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Civil War Stories

Book Description

Stories from - and about - a nation divided.

At the Pulitzer Prize-winning Washington Post, the Civil War has held an enduring fascination for both readers and writers. Raging from 1861-1865, the Battle Between the States has left a lasting imprint on the United States' collective psyche for 150 years. CIVIL WAR STORIES: A 105th ANNIVERSARY COLLECTION aggregates historical data with contemporary reflections, as journalists and historians put the bloody war into context:

- A timeline of Lincoln's candidacy - and what may have happened if he had lost the election
- An ode to West Virginia, which abandoned Virginia rather than secede from the Union
- The obstacles faced by emancipated slaves
- Women in the federal workforce - and disguised as men on the battlefields
- The modern anti-slavery crusade of Frederick Douglass' great-great-great-grandson

Personal stories of tragedy and triumph still resonate today. From biographical histories to examinations of the war's legacies, Civil War Stories: A 150th Anniversary Collection is a unique compilation of stories of when our nation was divided.
Stories from - and about - a nation divided.

Table of Contents

  1. Civil War Stories: A 150th Anniversary Collection
  2. Civil War Stories
  3. Copyright
  4. Table of Contents
  5. Introduction
  7. Painful lessons the Civil War taught us
  8. The speech that sold Candidate Lincoln
  9. A less-than-monumental city
  10. The photographer who went to war: Matthew Brady was famous for his portraiture. Then the fighting started.
  11. Emancipating the narrative: Ed Ayers wants the country to remember that the war was about more than battlefields
  12. Out of Virginia's attics, voices from the past
  13. Cast of Characters: The stories behind the Civil War's famous names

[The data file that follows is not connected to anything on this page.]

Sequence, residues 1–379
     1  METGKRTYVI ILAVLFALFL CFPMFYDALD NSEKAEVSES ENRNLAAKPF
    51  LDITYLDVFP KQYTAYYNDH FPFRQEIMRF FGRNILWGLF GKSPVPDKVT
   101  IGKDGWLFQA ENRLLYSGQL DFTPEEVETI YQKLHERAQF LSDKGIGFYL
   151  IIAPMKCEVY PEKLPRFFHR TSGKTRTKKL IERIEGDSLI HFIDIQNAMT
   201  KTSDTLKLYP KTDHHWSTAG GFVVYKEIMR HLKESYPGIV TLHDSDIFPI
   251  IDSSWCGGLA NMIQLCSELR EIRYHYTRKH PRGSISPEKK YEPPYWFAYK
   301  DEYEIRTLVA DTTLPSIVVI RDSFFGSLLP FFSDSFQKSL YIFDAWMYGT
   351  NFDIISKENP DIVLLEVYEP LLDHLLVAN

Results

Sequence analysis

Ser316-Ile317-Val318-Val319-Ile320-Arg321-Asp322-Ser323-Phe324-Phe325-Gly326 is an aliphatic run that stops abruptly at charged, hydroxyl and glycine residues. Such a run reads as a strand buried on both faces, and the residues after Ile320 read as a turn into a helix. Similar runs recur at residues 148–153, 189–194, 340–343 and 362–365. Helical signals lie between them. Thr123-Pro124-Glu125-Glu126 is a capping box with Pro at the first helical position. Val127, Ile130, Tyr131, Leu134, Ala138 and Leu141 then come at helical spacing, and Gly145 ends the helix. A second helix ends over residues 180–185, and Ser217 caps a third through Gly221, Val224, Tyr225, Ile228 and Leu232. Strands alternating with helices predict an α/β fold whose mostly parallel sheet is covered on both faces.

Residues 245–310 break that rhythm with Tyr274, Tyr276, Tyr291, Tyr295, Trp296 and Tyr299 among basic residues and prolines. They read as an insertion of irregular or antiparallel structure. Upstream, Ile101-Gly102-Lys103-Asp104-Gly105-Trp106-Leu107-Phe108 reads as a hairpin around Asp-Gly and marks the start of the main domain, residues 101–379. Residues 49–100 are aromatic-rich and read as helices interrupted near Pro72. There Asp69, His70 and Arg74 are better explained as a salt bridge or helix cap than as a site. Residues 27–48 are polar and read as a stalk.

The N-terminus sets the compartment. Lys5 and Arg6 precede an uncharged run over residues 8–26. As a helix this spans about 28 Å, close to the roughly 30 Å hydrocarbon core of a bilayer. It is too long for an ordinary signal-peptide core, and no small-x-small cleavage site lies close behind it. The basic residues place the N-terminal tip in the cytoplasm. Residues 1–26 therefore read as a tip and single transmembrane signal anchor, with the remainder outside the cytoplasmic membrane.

14. Editorials: Reaction to Lincoln's win
  15. If Lincoln had lost the election, would there have been a war? A panel of Civil War experts -- from academia, the world of letters, archives, museums and assorted other sources -- answer questions posed by The Washington Post and readers.
  17. Fort Sumter's fateful moment: People watched the shot arc overhead. Few grasped the ultimate meaning of what had just unfolded. They could not imagine the bloodshed to come, or the end of slavery.
  18. War sounded glorious--until people started dying
  19. A war of all heroes and no villains: The eagerness to forgive and forget has obscured the reason the nation took up arms
  20. West Virginia: The state that said no
  21. Hunting for the Confederacy in D.C.
  22. Alexandria: A city invaded, a city spared
  23. Cast of Characters: At the onset of war
  24. By attempting to resupply Fort Sumter, did President Lincoln deliberately provoke the war?
  25. Editorials: Reaction to War
  26. Everyone's an expert when it comes to the Civil War
  27. Civil War soldier's heartbreaking farewell letter was written before death at Bull Run
  29. A war shaped by rivers: Union rout at Ball's Bluff showed waterways were not to be ignored
  30. Deemed a savior, then a failure: McClellan zoomed up the Union ranks--and fell just as quickly
  31. The wrenching road to freedom: In D.C., bonds of slavery broke early, but plenty of obstacles remained
  32. In Washington, raising an army of bureaucrats: Greenbacks, income tax, female workers -- war drove federal expansion
  33. A death that cast a pall over the White House: Lincoln, resolute in the face of war, buckled under loss of his son
  34. A descendant battles for a corporal's recognition
  35. Cast of Characters